Earthquake in the prison,
Key text: “About midnight Paul and Silas were praying and singing hymns to God, and the other prisoners were listening to them” (Acts 16:25).
Main point: The early disciples were ready to take the message of the gospel under any circumstances to anyone who might listen, from prison inmates to law enforcement officers, for the call of salvation is universal.
There are many reasons why people might find themselves in prison. In the case of the apostle Paul and Silas, who were visiting the Roman colony of Philippi, it is for the gospel’s sake that they find themselves fettered in stocks and held in a maximum security cell. But that is not the case for the other prisoners who were with them and to whom the apostles ministered.
Most Western judicial systems are founded in part on ancient Roman law. There were both petty and notorious criminals in those times, as there are now. Society deems lawbreakers as worthy of punishment for crimes committed against the state. Among them are thieves, muggers, drug dealers and drug users, as well as arsonists, embezzlers, murders, kidnappers, child abusers and so on. On the other side of the ledger, there are law enforcement officials in charge of protecting the citizens by upholding the letter of the law and administering appropriate punishment for violators.
No one is questioning that the state needs to protect its citizens and that crimes need to be dealt with in some manner. If you have ever been the victim of a burglary, robbery, hit-and-run accident, identity theft, or had shots ring out in your neighborhood, or worse, then you personally know the seriousness of the matter. Yet, it seems like our judicial system is too soft on crime and too often releases predators only to commit another crime. Many criminals get off on technicalities, such as for violations of their rights.
Our justice system sometimes seems to favor the rich, whose lawyers can often get a more reduced sentence for their clients. However, no one wants a police state with minimal personal rights, where profiling, rousting, beatings, planting false evidence and even torture are the norm of the day. If you have ever been stopped by mistake and taken for a criminal, then you know what police rousting is and how humiliating the experience can be.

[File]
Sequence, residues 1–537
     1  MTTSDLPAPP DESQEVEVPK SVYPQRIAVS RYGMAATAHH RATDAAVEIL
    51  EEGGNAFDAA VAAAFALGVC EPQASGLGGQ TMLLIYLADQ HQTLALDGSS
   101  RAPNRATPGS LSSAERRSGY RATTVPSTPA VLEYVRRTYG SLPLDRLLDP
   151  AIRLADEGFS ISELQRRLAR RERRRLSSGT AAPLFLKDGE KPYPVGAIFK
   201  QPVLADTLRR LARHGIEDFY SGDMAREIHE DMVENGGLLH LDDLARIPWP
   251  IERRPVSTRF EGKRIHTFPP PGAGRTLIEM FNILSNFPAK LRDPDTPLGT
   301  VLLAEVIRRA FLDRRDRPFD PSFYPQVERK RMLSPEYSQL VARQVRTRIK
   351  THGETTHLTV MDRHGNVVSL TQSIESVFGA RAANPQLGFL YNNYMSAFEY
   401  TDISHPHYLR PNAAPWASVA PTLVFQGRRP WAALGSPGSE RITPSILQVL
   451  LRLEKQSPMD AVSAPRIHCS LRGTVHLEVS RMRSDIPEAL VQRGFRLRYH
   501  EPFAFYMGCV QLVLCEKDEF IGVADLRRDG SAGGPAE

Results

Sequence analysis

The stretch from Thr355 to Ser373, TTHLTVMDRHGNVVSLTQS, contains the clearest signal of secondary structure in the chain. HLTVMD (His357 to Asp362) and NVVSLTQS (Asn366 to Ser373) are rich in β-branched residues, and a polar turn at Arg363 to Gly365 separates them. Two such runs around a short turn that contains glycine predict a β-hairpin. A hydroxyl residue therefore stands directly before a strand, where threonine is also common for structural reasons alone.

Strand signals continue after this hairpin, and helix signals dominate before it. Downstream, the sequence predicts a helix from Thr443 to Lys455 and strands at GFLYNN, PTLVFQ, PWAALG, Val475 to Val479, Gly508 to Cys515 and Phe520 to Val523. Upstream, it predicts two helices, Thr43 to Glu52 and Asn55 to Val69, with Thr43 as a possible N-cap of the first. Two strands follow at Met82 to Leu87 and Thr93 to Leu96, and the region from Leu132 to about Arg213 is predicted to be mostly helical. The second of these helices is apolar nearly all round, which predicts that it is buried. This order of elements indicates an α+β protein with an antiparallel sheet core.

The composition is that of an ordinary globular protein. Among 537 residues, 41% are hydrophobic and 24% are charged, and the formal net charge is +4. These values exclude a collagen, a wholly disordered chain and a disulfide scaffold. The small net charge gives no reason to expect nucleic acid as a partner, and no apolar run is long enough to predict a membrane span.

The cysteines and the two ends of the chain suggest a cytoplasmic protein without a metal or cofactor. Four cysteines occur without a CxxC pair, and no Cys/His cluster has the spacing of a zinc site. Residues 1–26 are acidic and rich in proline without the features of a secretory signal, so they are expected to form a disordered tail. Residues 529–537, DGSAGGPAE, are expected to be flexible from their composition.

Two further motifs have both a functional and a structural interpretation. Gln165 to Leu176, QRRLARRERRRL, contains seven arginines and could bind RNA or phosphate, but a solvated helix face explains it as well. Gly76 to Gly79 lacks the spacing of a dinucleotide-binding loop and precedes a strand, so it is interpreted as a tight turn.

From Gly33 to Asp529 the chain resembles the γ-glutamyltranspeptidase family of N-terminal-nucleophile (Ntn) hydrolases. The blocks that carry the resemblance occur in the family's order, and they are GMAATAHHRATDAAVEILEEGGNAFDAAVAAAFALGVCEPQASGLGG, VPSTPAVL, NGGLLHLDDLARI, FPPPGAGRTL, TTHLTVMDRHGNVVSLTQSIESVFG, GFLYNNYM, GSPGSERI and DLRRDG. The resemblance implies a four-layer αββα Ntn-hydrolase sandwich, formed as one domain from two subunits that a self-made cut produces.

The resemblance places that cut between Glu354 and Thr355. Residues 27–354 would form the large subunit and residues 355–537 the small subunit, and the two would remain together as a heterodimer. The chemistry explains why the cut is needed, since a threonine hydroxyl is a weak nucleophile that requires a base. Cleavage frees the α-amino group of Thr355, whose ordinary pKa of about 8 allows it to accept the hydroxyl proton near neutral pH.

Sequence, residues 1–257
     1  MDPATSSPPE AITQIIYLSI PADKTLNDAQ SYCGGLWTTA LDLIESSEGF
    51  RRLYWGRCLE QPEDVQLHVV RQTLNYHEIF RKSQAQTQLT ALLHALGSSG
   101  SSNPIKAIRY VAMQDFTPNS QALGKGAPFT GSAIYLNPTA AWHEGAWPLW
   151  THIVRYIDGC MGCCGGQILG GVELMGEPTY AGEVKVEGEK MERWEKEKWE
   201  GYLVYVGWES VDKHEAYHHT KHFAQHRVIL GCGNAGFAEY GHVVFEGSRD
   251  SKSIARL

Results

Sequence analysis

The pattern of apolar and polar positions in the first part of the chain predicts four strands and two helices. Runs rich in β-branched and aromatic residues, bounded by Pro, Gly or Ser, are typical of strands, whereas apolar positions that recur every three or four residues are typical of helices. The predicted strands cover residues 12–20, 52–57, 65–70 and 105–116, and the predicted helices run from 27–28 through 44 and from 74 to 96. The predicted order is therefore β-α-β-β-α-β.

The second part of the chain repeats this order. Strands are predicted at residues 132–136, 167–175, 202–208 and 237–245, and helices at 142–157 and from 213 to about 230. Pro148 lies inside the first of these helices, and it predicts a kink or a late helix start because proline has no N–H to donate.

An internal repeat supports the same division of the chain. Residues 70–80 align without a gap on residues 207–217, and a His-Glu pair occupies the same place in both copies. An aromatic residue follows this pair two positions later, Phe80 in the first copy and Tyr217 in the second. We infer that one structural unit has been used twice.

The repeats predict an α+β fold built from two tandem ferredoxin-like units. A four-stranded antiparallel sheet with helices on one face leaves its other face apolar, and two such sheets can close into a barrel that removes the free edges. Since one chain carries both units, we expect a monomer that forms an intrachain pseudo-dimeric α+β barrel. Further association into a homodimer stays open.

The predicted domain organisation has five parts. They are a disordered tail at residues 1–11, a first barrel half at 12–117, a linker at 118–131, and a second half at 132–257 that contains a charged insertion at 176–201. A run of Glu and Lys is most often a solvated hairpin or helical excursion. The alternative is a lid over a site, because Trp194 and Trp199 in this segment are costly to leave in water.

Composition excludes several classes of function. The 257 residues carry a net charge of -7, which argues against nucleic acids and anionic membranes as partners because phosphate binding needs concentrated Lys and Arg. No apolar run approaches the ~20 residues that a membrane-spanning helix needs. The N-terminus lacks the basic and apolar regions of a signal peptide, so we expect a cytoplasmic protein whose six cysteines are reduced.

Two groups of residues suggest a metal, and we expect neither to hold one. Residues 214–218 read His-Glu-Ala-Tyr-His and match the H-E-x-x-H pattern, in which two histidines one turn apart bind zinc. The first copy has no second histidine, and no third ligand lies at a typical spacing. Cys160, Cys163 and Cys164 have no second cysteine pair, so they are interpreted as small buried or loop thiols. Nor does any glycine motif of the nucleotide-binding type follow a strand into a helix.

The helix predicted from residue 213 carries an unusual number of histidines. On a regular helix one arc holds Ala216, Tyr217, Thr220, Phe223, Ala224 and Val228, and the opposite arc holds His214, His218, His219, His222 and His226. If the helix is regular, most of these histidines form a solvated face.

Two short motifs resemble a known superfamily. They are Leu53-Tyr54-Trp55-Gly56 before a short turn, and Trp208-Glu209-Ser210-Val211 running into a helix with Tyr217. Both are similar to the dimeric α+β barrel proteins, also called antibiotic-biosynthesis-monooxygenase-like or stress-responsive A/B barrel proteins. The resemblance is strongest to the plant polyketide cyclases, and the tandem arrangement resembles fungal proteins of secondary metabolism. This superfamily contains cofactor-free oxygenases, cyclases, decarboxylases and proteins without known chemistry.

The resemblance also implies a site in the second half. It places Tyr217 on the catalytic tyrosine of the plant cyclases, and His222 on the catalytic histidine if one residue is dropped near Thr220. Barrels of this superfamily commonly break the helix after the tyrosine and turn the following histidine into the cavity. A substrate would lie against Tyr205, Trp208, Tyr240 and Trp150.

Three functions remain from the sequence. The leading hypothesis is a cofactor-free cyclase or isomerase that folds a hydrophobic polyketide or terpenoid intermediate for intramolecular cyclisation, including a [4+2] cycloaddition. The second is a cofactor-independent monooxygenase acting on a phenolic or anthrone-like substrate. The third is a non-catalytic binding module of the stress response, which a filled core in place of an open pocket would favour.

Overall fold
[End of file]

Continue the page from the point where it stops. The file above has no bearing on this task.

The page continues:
The issues of crime and punishment in this imperfect world will be continually debated and scrutinized. However, one premise that is not debatable in a biblical worldview is that there exists a higher Authority than any human government, and that before God, we are all sinners! Paul and Silas knew this well, and preached to the prisoners inside, and the prisoners were not the only ones listening. The Philippian jailer was also attentive to all that Paul and Silas were saying. This law enforcement officer had put them in the maximum security cell and placed their feet in stocks that were designed to inflict torturous pain, yet they both were singing hymns to God. What a testimony!
In Philippi, Paul and Silas shared the gospel as the only true means to make be reconciled to a good relationship with God. Only through Christ’s shed blood is true forgiveness and reconciliation found. Christ died in our place, and rose from the dead and gives new life to all who come to him by faith alone. This is what salvation is all about. In Christ we are saved from the power of sin, the condemnation of the law, and the coming Day of Judgment. Through prison ministries, Paul and Silas reached the prison inmates, the jailer and even his whole family. Praise God!
Questions for Bible study
1. Acts 16:16-24
a. Where are Paul and his followers going? Verse 16a. (See verses 10-13 and locate these places on a Bible map). Whom do they meet on the way? Verse 16. Describe four things about this person.